While reading Stroustrup's "The C++ programming language", I was puzzled at 'declaring a pointer to an array of character strings and declaring a reference to an array of 10 integers', and I had to clear my mind on pointers to arrays. I am posting here the notes I made to get corrections/suggestions etc, and hoping that C++ novices like myself might find it useful. In the code snippets below, I have declared various array variables along with declaration of corresponding pointers. If 'abc' is the name of an array variable, 'abc_ptr' is the name I have given to its pointer.

(a) Declaring a pointer to an array of 10 integers.

Concept: The name of an array is a constant pointer to the first array element, 'constant pointer' means it will constantly point to first array element.

int int_array[10]={1,2,3,4,5,6,7,8,9,0};

int_array is a pointer that constantly points to int_array[0], type of int_array is: int* const

int* const int_array_ptr1=int_array;//can't do int_array_ptr1++
int* int_array_ptr2=int_array;//can do int_array_ptr2++
for (int i=0; i<10; ++i )//prints all 10 integers stored in int_array[]
    std::cout<<*(int_array_ptr2++)<<std::endl;

(b) Declare a pointer to an array of character strings.

char char_string_array[][6]={"alpha","beta","gamma"};

Here char_string_array is a constant pointer to first array element i.e char_string_array[0], type of char_string_array is: char (*const)[6]

char (*char_string_array_ptr)[6]  =char_string_array;

Without the use of ( ) , char_string_array_ptr will be an array of 6 char* . Interpretation of above pointer declaration: char_string_array_ptr is a pointer to first element of char_string_array, this first element is an array of 6 chars.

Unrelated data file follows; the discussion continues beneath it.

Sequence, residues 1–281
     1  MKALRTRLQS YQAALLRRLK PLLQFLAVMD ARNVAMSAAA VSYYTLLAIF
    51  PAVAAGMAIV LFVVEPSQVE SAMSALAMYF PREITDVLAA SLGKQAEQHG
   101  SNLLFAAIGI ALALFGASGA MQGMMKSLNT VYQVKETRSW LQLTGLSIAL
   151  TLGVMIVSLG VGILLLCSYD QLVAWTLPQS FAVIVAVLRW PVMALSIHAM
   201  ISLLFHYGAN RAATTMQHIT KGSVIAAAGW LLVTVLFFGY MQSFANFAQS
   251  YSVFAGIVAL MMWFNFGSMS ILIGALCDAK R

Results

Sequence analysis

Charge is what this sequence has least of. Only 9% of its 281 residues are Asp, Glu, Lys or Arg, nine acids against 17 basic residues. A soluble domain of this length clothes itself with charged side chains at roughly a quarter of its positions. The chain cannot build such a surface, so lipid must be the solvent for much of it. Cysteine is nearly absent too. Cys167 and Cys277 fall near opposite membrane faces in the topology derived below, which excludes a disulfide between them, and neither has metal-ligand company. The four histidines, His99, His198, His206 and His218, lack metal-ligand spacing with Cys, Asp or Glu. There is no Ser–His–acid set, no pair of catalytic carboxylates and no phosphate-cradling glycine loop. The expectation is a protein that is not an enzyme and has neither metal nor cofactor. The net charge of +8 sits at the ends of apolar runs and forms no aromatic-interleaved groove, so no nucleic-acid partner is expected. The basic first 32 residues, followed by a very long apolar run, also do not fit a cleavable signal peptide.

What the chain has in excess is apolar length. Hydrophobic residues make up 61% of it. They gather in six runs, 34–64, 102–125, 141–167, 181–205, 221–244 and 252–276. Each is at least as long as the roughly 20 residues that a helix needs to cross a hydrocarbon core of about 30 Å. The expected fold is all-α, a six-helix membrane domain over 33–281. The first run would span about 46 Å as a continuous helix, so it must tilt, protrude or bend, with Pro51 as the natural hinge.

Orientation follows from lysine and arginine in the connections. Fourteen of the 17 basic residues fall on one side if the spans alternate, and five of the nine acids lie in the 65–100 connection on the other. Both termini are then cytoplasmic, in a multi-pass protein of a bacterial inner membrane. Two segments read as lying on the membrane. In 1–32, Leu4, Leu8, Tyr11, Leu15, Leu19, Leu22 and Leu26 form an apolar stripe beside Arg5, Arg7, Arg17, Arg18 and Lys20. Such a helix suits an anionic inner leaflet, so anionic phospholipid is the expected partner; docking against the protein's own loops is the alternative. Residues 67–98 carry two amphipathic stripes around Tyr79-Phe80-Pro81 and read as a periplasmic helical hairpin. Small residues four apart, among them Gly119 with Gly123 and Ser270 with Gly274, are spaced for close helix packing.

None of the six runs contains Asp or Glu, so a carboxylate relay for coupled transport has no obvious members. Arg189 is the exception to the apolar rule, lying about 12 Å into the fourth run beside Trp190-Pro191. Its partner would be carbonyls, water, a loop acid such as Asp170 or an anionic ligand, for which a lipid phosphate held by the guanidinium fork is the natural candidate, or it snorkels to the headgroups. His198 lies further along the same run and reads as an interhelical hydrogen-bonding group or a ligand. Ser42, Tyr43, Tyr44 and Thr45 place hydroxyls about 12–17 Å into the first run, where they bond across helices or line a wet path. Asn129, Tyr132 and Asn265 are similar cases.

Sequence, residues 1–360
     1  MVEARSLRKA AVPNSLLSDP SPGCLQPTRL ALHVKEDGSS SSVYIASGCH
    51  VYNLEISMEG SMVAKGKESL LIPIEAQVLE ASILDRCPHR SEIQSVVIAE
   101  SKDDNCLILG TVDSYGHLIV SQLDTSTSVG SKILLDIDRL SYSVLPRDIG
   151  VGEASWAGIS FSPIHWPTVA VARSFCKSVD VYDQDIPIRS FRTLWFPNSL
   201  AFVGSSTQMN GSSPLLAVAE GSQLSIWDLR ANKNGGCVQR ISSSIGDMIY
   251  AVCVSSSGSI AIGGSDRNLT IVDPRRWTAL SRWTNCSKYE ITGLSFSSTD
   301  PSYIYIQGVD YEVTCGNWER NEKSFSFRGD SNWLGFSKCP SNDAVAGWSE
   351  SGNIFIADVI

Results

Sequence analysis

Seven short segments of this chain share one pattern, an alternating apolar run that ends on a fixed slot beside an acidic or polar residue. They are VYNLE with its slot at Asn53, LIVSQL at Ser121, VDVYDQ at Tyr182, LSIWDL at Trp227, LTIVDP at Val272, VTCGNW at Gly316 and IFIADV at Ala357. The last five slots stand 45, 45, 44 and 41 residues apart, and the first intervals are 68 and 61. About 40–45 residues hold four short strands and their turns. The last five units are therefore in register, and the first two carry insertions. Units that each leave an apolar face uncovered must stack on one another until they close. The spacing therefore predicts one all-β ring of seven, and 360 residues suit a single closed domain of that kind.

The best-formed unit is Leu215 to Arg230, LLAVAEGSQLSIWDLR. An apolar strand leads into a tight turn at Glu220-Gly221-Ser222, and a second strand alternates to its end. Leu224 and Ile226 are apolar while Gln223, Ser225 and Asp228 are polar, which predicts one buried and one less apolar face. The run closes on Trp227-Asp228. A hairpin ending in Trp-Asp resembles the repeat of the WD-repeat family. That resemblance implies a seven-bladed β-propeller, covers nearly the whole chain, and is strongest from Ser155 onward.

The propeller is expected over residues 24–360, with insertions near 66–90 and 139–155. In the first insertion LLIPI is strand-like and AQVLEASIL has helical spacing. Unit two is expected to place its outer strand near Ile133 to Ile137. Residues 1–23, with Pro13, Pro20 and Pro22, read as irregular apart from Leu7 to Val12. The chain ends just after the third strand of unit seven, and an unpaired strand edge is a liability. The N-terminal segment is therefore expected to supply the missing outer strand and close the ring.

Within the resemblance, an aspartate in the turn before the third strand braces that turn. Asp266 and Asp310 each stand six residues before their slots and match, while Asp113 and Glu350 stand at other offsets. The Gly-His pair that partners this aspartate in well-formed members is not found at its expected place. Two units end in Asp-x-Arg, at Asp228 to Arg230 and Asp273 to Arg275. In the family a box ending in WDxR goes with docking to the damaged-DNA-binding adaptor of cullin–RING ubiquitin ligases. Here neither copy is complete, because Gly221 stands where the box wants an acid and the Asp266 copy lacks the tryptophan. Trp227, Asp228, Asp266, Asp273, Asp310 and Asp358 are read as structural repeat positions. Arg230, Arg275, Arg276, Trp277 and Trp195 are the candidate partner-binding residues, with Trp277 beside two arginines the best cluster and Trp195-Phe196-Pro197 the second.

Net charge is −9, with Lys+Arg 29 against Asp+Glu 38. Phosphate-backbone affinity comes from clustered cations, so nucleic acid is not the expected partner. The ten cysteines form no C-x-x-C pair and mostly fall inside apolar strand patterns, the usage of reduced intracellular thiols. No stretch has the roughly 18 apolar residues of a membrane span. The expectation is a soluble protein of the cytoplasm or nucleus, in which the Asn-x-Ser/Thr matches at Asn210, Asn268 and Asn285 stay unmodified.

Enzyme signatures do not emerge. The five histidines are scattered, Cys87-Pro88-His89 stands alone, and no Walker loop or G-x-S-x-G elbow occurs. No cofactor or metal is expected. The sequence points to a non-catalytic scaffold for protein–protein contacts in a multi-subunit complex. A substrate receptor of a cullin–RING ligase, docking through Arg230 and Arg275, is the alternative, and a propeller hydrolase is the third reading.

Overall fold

std::cout<<sizeof(char_string_array_ptr)<<std::endl; //gives 4 bytes on my machine
for(int i=0; i<3; ++i)//prints all 3 strings stored in char_string_array[] 
    std::cout<<*(char_string_array_ptr++)<<std::endl;

(c) Pointer to an array of char*

char* char_string_array2[]={"one","two","three"};
char** char_string_array2_ptr=char_string_array2;
for(int i=0; i<3; ++i)//prints all 3 strings stored in char_string_array2[]
    std::cout<<*(char_string_array2_ptr++)<<std::endl;

(d) Declaring a reference to an array of 10 integers.

int int_array[10]={1,2,3,4,5,6,7,8,9,0};
int (&ref_int_array)[10]=int_array;//without ( ) ref_int_array will be an array of 10 int&	
for (int i=0; i<10; ++i)//prints all 10 integers stored in int_array[]
    std::cout<<ref_int_array[i]<<std::endl;

(e) Pointer to a 2d float array.

float float2d_array[2][2]={0.1,0.2,1.0,2.0};//float2d_array is constant pointer to a float array , type of float2d_array is: float *const [2]

float (*float2d_array_ptr)[2]=float2d_array;
for(int i=0;i<2;++i){//prints all 4 values stored in float2d_array[]
    for(int j=0;j<2;++j){
        std::cout<<(*float2d_array_ptr)[j] <<std::endl;
	}
    ++float2d_array_ptr;
}

(f) Pointer to a 3d array of ints

int int3d_array[2][2][2]={1,2,3,4,5,6,7,8};//int3d_array is constant pointer to a 2d array of ints, type of int3d_array is: int (*const) [2][2]